Haarala C, Ek M, Bjornberg L, Laine M, et al. (2004).

This group of authors reported in a previous study that electromagnetic fields (EMFs) emitted by a mobile phone facilitate short term memory functioning (Koivisto, 2002b). In the present study they attempted to replicate their earlier findings. However, there were some modifications: the short term memory test was slightly modified, the phone battery was quieter, the phone was attached to the head more comfortably, exposure conditions were separated by 24 hours, and additional tests of cognitive function were included. Improvements in the methodology were that the testing was performed in two laboratories and was of a double blind design.

The tests were performed simultaneously in two independent laboratories in Finland and Sweden. In each, 32 volunteers were tested (16 men and 16 women). A memory test was used in which the subjects had to respond to a stimulus on a computer screen that had been shown up to 3 sequences before. Each subject performed the test twice, once with EMF exposure and once with sham exposure, with 24 hours between tests. The order of exposure was counterbalanced. Neither the researcher nor the subject was aware of the exposure status at the time of the test. The EMF was provided by a 902 MHz field, with mean power of 0.25W, pulsed at a frequency of 217 Hz, and with a pulse width of 577 µs. The SAR 10g average was 0.990 W/kg. Both the averaged SAR and the peak SAR were higher in this study than in the previous study.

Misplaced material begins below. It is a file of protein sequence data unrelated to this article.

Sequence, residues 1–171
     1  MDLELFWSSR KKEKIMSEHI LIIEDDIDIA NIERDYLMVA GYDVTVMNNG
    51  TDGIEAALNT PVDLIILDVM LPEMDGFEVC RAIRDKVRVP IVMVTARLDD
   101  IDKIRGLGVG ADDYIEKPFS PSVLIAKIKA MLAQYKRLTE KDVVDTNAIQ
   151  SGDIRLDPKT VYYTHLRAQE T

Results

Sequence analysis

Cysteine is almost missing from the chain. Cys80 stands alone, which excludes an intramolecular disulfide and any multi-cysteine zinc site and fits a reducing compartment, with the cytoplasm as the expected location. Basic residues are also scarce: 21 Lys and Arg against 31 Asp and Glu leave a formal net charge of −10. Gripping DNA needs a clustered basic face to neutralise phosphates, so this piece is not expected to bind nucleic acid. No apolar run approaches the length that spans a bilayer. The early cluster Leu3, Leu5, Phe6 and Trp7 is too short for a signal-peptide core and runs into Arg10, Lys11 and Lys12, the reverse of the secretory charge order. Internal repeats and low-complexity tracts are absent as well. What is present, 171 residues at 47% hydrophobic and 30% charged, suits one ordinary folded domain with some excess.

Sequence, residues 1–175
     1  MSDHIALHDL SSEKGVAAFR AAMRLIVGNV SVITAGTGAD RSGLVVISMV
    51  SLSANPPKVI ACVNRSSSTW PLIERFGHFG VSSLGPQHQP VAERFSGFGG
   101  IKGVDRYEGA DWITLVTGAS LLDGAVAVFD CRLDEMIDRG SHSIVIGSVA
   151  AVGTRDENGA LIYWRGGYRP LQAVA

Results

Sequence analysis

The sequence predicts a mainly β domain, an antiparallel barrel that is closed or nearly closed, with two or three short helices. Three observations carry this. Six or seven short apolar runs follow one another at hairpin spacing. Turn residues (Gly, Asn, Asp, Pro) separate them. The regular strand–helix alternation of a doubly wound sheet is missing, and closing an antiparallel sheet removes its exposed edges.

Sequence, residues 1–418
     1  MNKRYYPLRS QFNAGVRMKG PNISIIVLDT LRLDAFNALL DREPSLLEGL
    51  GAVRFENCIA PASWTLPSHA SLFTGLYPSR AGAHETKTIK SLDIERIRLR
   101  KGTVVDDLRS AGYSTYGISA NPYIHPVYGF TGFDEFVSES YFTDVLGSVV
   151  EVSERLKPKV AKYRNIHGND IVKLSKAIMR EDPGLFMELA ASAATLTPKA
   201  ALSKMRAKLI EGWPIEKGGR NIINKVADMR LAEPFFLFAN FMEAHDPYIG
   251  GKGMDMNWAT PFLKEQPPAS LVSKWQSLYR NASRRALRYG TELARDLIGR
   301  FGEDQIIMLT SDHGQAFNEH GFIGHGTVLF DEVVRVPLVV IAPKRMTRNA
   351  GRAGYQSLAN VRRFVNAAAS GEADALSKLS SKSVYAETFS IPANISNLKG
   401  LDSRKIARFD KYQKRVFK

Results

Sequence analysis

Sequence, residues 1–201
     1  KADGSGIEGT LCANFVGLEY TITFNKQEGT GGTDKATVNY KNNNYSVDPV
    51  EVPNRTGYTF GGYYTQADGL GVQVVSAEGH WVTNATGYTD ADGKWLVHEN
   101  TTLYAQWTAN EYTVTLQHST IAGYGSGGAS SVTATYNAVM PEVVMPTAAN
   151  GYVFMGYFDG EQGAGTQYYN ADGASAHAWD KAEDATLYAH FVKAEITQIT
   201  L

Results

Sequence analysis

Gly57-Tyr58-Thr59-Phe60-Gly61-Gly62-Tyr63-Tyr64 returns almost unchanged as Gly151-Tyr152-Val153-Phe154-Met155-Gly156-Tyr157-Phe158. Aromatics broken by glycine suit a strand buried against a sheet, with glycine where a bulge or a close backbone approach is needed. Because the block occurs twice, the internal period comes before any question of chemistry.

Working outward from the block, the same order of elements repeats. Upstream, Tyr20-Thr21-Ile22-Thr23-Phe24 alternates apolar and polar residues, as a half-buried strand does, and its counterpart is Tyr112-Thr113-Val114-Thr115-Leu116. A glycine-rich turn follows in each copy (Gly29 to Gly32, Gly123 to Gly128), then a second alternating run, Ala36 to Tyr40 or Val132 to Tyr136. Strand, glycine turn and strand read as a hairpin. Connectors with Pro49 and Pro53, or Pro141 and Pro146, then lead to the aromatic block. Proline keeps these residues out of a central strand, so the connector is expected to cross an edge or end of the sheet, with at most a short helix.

The EMF had no effect on reaction times or on the accuracy of the subjects' responses. Similar results were observed in both laboratories.

The authors observe that several studies have shown speeding up of reaction times in tests of cognitive function, but state that the vast majority of the results in these studies were negative and that the positive tests could have occurred by chance alone. They further state that the appropriate statistical correction for multiple testing was not done in most of these studies.

The authors conclude that two alternative conclusions can be made regarding the effects of EMF on human short-term memory:
"One possible explanation is that the EMF has no effect and that the reported findings are false positives due to chance. Alternatively, the magnitude of the EMF effect may be so small that it can be detected only sporadically. So far, all the reported positive findings have suggested that the EMF facilitates cognitive functioning. This would support the latter conclusion."

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